June's Frequently Asked Questions - The Missing Clue - June 2018

Answers to some frequently asked questions:
1.  Will there be a new Louise Penny this year?

Yes. The 14th Inspector Gamache, Kingdom of the Blindwill be released in hardcover ($35.99) on November 27th. Louise Penny is also the editor of the 2018 edition of Best American Mystery StoriesThis will be released on October 2nd, in trade paper for $22.88.

2.  Is C.J. Sansom ever going to write another Matthew Shardlake book?

Yes. Tomblandthe 7th book in the series will be published in hardcover ($36) on October 23rd. It is Spring 1549 and England, now ruled by the boy king Edward VI and his Regent, Edward Seymour, Lord Hertford is sliding into chaos.

3. When are you moving?

Looks like early August, but still not a definite date. We will let you know as soon as we know.

Bestsellers: January to March 2018 - The Missing Clue - April 2018

   Hard Cover

1.      Alan Bradley – The Grave’s a Fine a Private Place

2.      Donna Leon - Temptation of Forgiveness

3.      Peter May - I’ll Keep You Safe

4.      Cynthia Harrod-Eagles - Shadow Play

5.      Charles Finch - The Woman in the Water

Trade Paper        

1.      Jane Harper - The Dry    

2.      Kerry Greenwood - Cocaine Blues       

3.      Felix Francis - Pulse

4.      Peter May - The Firemaker

5.      Andrea Camilleri - The Pyramid of Mud

Mass Market

1.      M.C. Beaton - Death of a Ghost

2.      Shelton Paige - Of Books and Bagpipes

3.      Cleo Coyle - Dead Cold Brew

4.      Joanne Fluke - Banana Cream Pie Murder

5.       Laura Childs - Pekoe Most Poison

Mystery Reading Club: Spring/Summer 2018 - The Missing Clue - April 2018

For the spring Jack has decided to be a little bit selfish and the group will be exploring the theme “Books that Jack Enjoys”:

Tuesday, April 24th – The Late Show by Michael Connelly

Tuesday, May 29th – London Rain by Nicola Upson

Tuesday, June 26th – Dark Saturday by Nicci French

We know that some non-members of the group do read the assigned titles. If you would like to have the questions that Jack writes, please let Wendy know (via email, phone, or in person). Books will be available for purchase at the store and feature a 10% discount. New members are always welcome.

Recent Reading by Wendy - The Missing Clue - April 2018

I have always been exasperated by novels where the heroine (usually the heroine but not always) steps into a darkened room, a hidden passage etc., actions that scream out that they are not the sensible or safe thing to do. So when the blurb on the back of Cass Green’s In a Cottage, in a Wood read, ‘When Neve arrives alone in the dark woods late one night, she finds a sinister looking bungalow with bars across the windows…’you might think that I would not pick it up but for whatever reason I did and thoroughly enjoyed it. Cass Green is an English writer and is usually regarded as part of the Grip Lit group of writers, not usually my cup of tea, but this book a good old fashioned thriller with a very interesting and unexpected twist.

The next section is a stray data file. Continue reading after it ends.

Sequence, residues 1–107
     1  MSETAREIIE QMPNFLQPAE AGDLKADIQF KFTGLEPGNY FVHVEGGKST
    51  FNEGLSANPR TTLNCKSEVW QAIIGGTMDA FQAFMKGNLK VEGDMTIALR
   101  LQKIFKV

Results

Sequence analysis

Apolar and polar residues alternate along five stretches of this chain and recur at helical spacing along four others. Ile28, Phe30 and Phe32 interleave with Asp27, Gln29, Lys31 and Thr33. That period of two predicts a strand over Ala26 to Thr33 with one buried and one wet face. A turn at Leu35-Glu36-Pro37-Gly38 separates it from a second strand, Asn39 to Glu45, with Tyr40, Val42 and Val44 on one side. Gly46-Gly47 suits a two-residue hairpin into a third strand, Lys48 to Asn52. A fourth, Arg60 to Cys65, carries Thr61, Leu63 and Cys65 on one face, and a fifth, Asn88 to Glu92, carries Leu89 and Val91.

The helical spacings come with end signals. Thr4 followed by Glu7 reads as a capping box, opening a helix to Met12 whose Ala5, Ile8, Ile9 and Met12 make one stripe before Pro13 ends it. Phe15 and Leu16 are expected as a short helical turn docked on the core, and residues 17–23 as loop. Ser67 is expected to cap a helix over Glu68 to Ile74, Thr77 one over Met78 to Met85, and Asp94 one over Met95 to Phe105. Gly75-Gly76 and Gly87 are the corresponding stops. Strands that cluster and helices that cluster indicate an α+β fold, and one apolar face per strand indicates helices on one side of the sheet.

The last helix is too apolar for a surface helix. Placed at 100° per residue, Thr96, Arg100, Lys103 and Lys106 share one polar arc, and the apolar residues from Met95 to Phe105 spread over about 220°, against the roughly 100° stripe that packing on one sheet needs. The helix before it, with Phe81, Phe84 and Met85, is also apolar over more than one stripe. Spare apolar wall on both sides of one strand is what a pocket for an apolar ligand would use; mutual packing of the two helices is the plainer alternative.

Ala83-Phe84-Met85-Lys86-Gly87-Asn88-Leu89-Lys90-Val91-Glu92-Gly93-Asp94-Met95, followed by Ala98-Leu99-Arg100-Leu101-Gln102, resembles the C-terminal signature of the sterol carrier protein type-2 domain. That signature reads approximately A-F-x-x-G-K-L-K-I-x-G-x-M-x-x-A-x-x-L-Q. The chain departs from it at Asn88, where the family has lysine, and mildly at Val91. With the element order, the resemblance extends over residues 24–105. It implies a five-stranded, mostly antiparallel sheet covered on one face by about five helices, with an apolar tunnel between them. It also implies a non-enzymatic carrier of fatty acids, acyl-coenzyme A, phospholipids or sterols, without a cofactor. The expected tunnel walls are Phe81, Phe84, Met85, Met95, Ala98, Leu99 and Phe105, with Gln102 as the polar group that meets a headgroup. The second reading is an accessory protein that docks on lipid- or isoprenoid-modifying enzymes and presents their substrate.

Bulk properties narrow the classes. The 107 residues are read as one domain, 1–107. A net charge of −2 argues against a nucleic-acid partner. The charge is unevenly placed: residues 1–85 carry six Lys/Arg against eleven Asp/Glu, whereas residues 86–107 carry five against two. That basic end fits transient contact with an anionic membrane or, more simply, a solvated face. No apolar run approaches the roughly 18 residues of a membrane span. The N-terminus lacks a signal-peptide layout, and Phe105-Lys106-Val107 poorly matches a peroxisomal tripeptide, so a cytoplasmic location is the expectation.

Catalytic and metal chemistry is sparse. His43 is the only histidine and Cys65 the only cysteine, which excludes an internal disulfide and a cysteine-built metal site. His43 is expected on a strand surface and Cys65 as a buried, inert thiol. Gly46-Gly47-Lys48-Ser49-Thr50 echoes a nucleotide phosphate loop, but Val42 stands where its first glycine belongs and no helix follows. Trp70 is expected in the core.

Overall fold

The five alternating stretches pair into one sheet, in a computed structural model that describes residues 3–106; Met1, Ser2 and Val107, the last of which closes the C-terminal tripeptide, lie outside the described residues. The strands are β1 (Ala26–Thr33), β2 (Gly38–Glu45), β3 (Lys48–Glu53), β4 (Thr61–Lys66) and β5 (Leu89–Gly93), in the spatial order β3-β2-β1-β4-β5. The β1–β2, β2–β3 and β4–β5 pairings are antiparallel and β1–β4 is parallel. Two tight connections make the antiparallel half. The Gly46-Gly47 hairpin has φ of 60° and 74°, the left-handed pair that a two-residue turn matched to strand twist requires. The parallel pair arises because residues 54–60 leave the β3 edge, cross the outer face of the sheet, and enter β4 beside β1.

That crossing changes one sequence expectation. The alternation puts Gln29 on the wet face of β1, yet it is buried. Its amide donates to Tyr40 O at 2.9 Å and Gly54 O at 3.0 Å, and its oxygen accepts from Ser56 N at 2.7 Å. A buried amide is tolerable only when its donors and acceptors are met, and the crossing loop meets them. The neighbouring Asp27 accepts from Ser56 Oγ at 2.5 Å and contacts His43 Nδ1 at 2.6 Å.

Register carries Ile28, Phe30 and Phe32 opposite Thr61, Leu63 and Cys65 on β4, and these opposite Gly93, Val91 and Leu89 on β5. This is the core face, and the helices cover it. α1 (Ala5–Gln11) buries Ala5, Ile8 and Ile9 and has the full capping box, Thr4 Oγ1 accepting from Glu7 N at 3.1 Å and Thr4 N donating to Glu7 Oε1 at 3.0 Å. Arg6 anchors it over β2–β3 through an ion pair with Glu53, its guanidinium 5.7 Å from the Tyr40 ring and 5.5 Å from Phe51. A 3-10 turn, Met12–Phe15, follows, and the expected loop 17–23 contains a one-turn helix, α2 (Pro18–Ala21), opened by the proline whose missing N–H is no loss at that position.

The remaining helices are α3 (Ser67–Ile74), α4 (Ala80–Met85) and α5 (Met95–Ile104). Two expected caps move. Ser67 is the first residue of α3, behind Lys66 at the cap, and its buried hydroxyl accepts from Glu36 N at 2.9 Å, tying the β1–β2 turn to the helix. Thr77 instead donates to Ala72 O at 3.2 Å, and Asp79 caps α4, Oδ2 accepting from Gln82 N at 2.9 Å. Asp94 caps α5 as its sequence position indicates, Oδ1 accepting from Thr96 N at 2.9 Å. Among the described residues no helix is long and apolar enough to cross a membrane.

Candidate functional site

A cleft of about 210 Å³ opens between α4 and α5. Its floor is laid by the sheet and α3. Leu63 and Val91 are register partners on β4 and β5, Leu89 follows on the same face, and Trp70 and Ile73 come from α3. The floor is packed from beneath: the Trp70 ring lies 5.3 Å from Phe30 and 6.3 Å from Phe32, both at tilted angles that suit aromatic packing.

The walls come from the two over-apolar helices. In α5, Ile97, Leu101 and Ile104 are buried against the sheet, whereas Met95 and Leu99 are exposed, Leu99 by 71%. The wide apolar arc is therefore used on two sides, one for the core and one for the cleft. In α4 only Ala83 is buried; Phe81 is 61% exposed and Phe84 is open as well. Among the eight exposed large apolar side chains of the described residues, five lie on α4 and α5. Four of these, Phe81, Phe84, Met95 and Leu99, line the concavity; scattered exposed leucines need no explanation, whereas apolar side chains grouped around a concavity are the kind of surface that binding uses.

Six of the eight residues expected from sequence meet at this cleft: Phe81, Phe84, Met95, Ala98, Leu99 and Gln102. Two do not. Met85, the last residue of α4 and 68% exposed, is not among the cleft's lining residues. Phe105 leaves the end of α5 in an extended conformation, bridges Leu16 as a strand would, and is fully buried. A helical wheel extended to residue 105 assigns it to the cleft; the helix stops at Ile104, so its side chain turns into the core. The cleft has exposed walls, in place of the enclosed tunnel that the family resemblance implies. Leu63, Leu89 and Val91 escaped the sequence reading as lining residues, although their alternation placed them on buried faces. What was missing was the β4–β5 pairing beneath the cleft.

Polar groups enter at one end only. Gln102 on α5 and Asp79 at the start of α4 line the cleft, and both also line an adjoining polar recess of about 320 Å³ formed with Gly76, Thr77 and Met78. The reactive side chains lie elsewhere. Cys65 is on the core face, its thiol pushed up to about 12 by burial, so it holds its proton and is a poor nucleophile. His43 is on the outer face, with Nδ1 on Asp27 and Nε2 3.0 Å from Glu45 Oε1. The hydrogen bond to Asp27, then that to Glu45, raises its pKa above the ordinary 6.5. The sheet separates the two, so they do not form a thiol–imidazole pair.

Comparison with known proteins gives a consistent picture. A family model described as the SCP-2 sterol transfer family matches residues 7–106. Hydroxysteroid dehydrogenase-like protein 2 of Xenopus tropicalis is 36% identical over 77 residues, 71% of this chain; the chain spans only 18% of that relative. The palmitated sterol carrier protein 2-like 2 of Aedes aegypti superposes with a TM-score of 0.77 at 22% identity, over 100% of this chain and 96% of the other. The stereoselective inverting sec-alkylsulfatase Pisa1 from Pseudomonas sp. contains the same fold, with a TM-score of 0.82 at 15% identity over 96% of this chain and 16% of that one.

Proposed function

After a twelve-year gap Margaret Maron came back to Lt. Sigrid Harald in Take Out, just released in mass market ($10.49). Sigrid Harald had not completely disappeared as she was seen in a couple of the Judge Deborah Knott novels, including Three Day Town and the The Buzzard Table, when Sigrid and her mother are visiting family in North Carolina. The Judge and the Lieutenant are cousins. Take Out set in New York deals with the poisoning of two men, one of whom was homeless, on a park bench. Although I don’t remember where I read it or maybe heard it, I think this is the end of the Sigrid Harald series just as Long Upon the Land was the last Deborah Knott novel, there is a sense in both of them of I’s being dotted and t’s being crossed, If you have not read either of these series they are well worth a try.

Lynda La Plante has written a new series starting with Tennison, which is a prequel to the Jane Tennison/Prime Suspect series. Set in the early 1970s Jane Tennison has just graduated from the Metropolitan Police Academy and is at her first posting in Hackney. The four titles in the series are being published over the space of the next few months. Tennison is in stock and will be followed in short order by Hidden Killers, Good Friday and Murder Mile.